The two extremities of this huge parallelogram were occupied, the one by the famous marble table, so long, so broad, and so thick that, say the old territorial records in a style that would whet the appetite of a Gargantua, “Never was such a slab of marble seen in the world”; the other by the chapel in which Louis XI caused his statue to be sculptured kneeling in front of the Virgin, and to which he had transferred—indifferent to the fact that thereby two niches were empty in the line of royal statues—those of Charlemagne and Saint-Louis: two saints who, as Kings of France, he supposed to be high in favour in heaven. This chapel, which was still quite new, having been built scarcely six years, was carried out entirely in that charming style of delicate architecture, with its marvellous stone-work, its bold and exquisite tracery, which marks in France the end of the Gothic period, and lasts on into the middle of the sixteenth century in the ethereal fantasies of the Renaissance. The little fretted stone rose-window above the door was in particular a masterpiece of grace and lightness—a star of lace.  22
  In the center of the Hall, opposite the great entrance, they had erected for the convenience of the Flemish envoys and other great personages invited to witness the performance of the Mystery, a raised platform covered with gold brocade and fixed against the wall, to which a special entrance had been contrived by utilizing a window into the passage from the Gilded Chamber.  23
  According to custom, the performance was to take place upon the marble table, which had been prepared for that purpose since the morning. On the magnificent slab, all scored by the heels of the law-clerks, stood a high wooden erection, the upper floor of which, visible from every part of the Hall, was to serve as the stage, while its interior, hung round with draperies, furnished a dressing-room for the actors. A ladder, frankly placed in full view of the audience, formed the connecting link between stage and dressing-room, and served the double office of entrance and exit. There was no character however unexpected, no change of scene, no stage effect, but was obliged to clamber up this ladder. Dear and guileless infancy of art and of stage machinery!  24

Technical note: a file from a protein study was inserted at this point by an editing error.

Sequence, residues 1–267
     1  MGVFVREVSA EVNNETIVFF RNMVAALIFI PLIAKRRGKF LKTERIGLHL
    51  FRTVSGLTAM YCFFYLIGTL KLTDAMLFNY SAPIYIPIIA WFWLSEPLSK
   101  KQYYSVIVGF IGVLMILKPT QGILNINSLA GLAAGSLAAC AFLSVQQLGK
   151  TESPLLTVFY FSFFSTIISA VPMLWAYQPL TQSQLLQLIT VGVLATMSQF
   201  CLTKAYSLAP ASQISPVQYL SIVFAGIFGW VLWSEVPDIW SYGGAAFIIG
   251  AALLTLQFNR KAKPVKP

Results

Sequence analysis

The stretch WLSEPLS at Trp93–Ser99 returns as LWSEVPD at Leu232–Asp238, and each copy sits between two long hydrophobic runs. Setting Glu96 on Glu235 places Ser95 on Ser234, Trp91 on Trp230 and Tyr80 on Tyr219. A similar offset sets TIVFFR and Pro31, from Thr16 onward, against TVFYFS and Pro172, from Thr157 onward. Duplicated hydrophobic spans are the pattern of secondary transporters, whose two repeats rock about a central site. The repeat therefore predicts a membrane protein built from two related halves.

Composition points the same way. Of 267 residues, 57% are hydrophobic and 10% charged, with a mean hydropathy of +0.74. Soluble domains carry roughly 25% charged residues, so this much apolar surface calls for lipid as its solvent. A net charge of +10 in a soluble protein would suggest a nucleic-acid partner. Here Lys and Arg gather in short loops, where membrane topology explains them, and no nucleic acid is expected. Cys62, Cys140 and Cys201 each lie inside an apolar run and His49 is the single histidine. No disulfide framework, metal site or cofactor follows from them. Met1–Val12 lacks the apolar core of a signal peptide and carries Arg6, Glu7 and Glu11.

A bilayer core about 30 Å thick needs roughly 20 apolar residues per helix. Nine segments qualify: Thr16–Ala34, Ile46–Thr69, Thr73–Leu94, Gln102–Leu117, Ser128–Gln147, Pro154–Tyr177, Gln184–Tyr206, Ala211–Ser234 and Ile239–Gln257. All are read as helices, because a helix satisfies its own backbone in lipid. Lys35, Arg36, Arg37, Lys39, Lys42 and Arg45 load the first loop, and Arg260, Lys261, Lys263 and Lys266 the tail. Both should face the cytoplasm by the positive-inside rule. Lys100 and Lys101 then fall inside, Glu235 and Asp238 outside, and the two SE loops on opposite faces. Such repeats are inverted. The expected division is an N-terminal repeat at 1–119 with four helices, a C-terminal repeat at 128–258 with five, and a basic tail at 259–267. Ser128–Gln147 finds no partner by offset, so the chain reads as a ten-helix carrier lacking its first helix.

Four sergeants of the provost of the Paladins—the appointed superintendents of all popular holidays, whether festivals or executions—stood on duty at the four corners of the marble table.  25
  The piece was not to commence till the last stroke of noon of the great clock of the Paladins. To be sure, this was very late for a theatrical performance; but they had been obliged to suit the convenience of the ambassadors.  26